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St John Ambulance told to improve

Photo: St John Ambulance told to improve
An investigation into the suicide deaths of five St John Ambulance paramedics and volunteers found flaws in how staff are managed.

Western Australia's ambulance service has been told to improve the way it treats paramedics in a report into a spate of suicides at the organisation.

The report by WA's chief psychiatrist Nathan Gibson into the suicides of five St John Ambulance paramedics and volunteers recommended the organisation improve its conflict resolution and performance management processes, amid accusations of workplace bullying.

The deaths occurred over the 16 months to March last year.

Dr Gibson did not say whether or not there was a culture of bullying at the organisation contributing to the deaths because that was not within his scope.
St John chief executive Tony Ahern rejected any suggestion of a bullying culture but said it was an issue throughout Australian workplaces, including his.

However James Vaughan, the brother of one of the dead paramedics Marcia Vaughan, said on Wednesday that his sister suffered from a build-up of post-traumatic stress disorder and bullying, and felt under-supported by management while working in the remote Goldfields-Esperance region.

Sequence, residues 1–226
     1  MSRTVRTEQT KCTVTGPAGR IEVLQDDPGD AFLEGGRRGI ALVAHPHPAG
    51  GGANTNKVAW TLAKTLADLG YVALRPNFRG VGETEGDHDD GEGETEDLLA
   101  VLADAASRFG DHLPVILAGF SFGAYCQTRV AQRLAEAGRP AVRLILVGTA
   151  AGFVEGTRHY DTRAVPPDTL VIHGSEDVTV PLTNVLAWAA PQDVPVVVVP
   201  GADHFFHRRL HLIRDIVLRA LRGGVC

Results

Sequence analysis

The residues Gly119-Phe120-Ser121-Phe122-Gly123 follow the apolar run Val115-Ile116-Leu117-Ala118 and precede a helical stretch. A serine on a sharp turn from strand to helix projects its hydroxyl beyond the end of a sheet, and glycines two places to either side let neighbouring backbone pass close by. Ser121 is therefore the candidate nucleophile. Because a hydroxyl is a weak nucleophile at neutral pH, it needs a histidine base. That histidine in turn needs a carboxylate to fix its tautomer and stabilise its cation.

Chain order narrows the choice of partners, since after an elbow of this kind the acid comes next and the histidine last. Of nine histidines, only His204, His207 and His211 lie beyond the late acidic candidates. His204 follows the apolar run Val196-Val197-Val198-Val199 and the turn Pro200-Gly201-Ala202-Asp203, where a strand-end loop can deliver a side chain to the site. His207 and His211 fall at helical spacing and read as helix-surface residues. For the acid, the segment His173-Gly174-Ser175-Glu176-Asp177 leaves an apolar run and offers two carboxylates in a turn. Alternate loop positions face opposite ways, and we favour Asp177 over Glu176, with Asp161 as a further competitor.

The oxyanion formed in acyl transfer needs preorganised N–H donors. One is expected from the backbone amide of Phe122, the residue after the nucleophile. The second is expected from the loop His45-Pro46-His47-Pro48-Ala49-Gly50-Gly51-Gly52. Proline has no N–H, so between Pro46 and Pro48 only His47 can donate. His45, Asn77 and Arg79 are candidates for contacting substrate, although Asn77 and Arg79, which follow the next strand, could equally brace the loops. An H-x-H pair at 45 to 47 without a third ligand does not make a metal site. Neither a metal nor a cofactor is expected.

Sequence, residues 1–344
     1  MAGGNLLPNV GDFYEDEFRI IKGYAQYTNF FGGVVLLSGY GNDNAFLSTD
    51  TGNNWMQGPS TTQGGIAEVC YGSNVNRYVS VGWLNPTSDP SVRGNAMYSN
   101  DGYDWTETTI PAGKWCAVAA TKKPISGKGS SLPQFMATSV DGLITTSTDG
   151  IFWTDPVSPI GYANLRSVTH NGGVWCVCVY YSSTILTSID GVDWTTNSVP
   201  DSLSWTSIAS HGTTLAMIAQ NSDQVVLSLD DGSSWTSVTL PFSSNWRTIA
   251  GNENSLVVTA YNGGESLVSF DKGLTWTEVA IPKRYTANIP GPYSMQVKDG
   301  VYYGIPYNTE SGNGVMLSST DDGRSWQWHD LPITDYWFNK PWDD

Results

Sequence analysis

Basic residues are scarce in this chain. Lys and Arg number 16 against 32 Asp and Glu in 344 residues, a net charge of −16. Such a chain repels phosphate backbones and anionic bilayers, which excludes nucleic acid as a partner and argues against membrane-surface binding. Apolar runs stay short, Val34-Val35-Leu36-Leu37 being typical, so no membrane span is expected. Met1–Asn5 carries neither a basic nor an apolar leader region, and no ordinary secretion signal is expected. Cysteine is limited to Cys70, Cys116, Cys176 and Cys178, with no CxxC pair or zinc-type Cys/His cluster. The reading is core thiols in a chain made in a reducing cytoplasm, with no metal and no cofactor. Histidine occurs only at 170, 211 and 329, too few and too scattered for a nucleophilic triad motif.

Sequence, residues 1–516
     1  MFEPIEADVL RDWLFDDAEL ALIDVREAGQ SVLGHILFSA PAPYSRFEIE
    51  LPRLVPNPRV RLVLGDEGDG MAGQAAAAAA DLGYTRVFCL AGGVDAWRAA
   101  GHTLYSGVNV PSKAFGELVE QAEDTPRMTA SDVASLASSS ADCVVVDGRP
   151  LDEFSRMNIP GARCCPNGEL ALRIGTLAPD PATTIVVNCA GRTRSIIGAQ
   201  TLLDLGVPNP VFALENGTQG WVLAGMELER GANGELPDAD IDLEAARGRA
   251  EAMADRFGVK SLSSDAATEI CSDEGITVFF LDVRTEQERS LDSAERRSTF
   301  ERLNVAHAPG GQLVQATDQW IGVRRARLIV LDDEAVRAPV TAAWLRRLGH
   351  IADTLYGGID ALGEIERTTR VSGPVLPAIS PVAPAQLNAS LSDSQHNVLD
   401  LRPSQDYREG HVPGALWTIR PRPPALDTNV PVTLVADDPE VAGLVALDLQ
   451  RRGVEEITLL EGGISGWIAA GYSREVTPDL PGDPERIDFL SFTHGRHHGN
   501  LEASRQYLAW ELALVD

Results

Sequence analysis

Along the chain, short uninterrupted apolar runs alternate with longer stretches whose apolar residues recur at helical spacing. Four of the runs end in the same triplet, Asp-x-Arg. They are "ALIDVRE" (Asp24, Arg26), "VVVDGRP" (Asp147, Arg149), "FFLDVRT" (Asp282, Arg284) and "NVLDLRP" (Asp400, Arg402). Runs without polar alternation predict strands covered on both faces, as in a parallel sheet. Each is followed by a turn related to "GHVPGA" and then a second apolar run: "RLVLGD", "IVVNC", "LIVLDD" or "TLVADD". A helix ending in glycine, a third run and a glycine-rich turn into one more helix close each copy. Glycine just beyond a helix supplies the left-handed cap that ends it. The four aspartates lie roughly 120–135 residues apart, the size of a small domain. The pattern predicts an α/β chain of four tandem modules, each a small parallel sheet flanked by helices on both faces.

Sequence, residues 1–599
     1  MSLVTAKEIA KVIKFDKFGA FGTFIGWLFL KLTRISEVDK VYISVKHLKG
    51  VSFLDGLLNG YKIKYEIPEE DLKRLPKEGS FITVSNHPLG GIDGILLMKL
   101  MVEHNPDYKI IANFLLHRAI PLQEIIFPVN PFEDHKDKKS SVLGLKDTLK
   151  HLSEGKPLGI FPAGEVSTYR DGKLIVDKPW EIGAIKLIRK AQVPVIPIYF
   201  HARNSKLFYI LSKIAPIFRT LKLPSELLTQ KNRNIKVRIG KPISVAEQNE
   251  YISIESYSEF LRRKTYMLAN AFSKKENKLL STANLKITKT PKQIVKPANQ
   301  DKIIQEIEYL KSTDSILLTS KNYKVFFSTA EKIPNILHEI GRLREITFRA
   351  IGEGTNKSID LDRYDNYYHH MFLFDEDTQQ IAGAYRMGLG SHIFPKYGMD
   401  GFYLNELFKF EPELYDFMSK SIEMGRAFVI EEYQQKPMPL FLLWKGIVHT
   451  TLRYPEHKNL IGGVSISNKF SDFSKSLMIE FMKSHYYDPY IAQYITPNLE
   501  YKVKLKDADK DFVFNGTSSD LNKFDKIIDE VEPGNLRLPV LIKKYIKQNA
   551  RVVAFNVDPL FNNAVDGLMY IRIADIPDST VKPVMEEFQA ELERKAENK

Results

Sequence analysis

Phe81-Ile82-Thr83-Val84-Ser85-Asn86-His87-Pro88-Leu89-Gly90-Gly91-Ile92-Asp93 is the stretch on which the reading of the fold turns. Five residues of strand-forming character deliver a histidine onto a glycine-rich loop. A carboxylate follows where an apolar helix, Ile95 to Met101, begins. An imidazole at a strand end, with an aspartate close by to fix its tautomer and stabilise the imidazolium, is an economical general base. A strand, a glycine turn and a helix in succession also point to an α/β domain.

A workplace lawyer also told ABC Radio she had represented several paramedics and that bullying was systemic there.

Dr Gibson said no one specific issue contributed to the deaths.

It was a combination of the stress and trauma of being "first responders" to emergencies - something police and firefighters also tackled - along with St John-specific workplace and organisation factors, and social and individual factors.

Paramedics were proud of their jobs but it was challenging for emergency services across Australia, not just WA, and first responders dealt with extremely traumatic experiences and different people responded in different ways, he said.

He listed seven recommendations for St John to improve how it operates, which the health department will follow up.

Health Minister Kim Hames defended the organisation, saying the century-old service had a very good reputation serving West Australians and he had seen no evidence of cultural issues there.

However he wanted to see a separate report St John had commissioned that was broader in its scope examining the organisation, but conceded he could not force its release.

* Anyone seeking support should call Lifeline on 13 11 14.


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